Netaji files: How Subhas Bose's daughter flip-flopped on his DNA test

The man who evidently influenced Anita Bose Pfaff's thinking in the matter from the mid-1990s is Pranab Mukherjee.

 |  3-minute read |   01-08-2016
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A freshly declassified ministry of external affairs record shows that Netaji's daughter, Dr Anita Pfaff, was not in favour of getting his presumptive remains examined by DNA experts. The disclosure renders Anita's recent public posturing for such a test as a flip-flop.

In January 2015, a day before the Narendra Modi government started the process of declassifying the Netaji files, Anita was approached by the media for her reaction.

In a nutshell, this is what it was:

ht1_080116074131.jpg Source: Hindustan Times.

Speaking to India Today a few days later, she commented that such a DNA test "would put the case to rest" for "at least the rational people".

Also read: Did Nehru hide the fact that Subhas Bose was in Russia?

However, according to a declassified memo signed by then foreign secretary Salman Haidar, Anita opposed such a DNA test in 1995 when the government discussed its feasibility for the first time.

neta2_080116074144.jpg [National Archives, Delhi]

According to another declassified top secret note, the ministry of external affairs in 1996 studied the proposal to run Netaji's so-called remains kept in a Buddhist temple in Tokyo through DNA experts, but decided against it, fearing "considerable public debate" on the Netaji disappearance matter.

neta3_080116074220.jpg [National Archives, Delhi]

The specific reason, in the words of then external affairs minister Pranab Mukherjee, was:

"Already a controversy has been raised regarding the genuineness of the ashes. A section of the public opinion, including some political parties, are against bringing the ashes of Netaji. I am afraid any step to conduct DNA test may precipitate controversy which may not be desirable (?). On the other hand, ex INA members like Dhillon, Lakshmi Saigal are in favour of bringing the ashes. In view of that we suggest that this matter may rest where it is now. However, a view is to be taken about the request of Japanese government to bring back the ashes. A detailed note may be prepared for consideration of the Cabinet. This may be undertaken immediately."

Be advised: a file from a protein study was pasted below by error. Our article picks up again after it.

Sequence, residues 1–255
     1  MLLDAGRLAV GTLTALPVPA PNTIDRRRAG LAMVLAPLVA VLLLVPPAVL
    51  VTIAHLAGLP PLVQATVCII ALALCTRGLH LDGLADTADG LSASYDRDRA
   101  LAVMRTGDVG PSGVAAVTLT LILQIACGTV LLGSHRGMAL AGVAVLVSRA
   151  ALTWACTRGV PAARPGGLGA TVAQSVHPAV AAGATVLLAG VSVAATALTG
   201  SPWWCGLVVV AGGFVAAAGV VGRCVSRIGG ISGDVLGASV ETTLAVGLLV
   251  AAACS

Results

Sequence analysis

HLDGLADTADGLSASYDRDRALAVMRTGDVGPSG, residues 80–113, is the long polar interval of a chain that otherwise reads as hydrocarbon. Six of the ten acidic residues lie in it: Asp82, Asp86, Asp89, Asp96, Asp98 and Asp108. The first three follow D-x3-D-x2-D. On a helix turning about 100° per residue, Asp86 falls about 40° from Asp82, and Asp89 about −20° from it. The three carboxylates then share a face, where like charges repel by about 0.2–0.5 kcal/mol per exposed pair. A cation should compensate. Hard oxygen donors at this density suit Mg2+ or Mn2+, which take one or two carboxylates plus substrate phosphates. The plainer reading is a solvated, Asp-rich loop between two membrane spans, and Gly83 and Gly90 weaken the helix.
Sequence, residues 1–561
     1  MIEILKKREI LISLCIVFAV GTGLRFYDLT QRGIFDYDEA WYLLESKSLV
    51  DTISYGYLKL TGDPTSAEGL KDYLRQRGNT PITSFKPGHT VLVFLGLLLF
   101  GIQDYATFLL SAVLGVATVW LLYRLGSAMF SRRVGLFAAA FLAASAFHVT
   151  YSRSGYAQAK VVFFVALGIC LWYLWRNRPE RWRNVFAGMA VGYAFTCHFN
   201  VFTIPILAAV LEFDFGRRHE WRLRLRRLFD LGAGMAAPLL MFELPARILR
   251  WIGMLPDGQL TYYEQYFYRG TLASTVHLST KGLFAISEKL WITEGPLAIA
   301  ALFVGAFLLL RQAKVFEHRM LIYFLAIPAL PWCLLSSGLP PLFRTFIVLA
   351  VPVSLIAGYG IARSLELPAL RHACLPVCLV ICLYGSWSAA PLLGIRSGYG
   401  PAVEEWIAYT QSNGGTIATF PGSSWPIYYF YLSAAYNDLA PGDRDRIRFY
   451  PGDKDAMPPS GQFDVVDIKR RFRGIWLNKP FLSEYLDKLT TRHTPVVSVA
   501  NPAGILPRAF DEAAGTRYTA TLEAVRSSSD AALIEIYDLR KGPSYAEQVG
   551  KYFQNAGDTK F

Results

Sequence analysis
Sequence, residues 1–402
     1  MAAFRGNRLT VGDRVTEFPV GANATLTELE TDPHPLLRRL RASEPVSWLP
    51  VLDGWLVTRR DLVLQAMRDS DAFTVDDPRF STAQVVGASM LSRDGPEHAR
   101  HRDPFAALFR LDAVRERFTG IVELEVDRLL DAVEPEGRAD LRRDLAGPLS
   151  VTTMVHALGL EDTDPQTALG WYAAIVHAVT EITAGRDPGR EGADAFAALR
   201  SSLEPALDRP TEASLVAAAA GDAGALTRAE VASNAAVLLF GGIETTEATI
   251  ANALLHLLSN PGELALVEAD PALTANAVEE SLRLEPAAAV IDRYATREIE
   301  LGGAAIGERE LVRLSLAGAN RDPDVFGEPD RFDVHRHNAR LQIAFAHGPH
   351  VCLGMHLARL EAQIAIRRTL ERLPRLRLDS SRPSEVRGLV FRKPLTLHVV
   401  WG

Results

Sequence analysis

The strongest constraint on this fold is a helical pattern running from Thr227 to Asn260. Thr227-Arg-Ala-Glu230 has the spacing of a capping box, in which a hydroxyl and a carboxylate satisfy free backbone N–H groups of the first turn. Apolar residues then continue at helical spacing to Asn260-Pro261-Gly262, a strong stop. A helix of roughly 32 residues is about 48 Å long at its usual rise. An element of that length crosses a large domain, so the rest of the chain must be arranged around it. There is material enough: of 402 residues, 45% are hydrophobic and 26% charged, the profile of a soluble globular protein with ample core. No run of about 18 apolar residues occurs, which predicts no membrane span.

Also read: How government hid US intelligence's concerns about Netaji's death

The disclosure that Anita wasn't keen on a DNA test could be viewed in the context of her playing no role whatsoever in the declassification movement started by pressure group Mission Netaji, and majority of the members of Netaji's family.

She paid no heed to her relatives' request that she should support the movement. This was rather strange. Her recent statements in favour of declassification came only after it had become apparent that the files were going to be declassified.

Prior to that, a small but more influential section of her family who backed her on the Netaji death issue were dead set against declassification. That section, interestingly, includes Harvard historian-turned-politician Sugata Bose.

Intriguingly enough, Anita's mother Emilie Schenkl, who passed away in 1996, never believed the air crash theory as she had received information that Bose was in USSR after his reported death. The daughter, for some reasons, became a vociferous supporter of the air crash theory, along with her late cousin and Congress leader, Dr Sisir Bose.

The man who evidently influenced Anita's thinking in the Netaji disappearance matter from the mid-1990s is Pranab Mukherjee.

ht2_080116074259.jpg A newspaper clipping from 1995 that was kept on file. [Source: National Archives, Delhi]

Declassified papers also show how Mukherjee ensured Emilie Schenkl's firm opinion that the Renkoji remains weren't Netaji's was not brought on record.

Writer

Anuj Dhar Anuj Dhar @anujdhar

Anuj Dhar has researched the issue of Subhas Chandra Bose's mysterious disappearance for over a decade. His 2012 bestselling book India's Biggest Cover-up triggered the demand for declassification of the Bose files.

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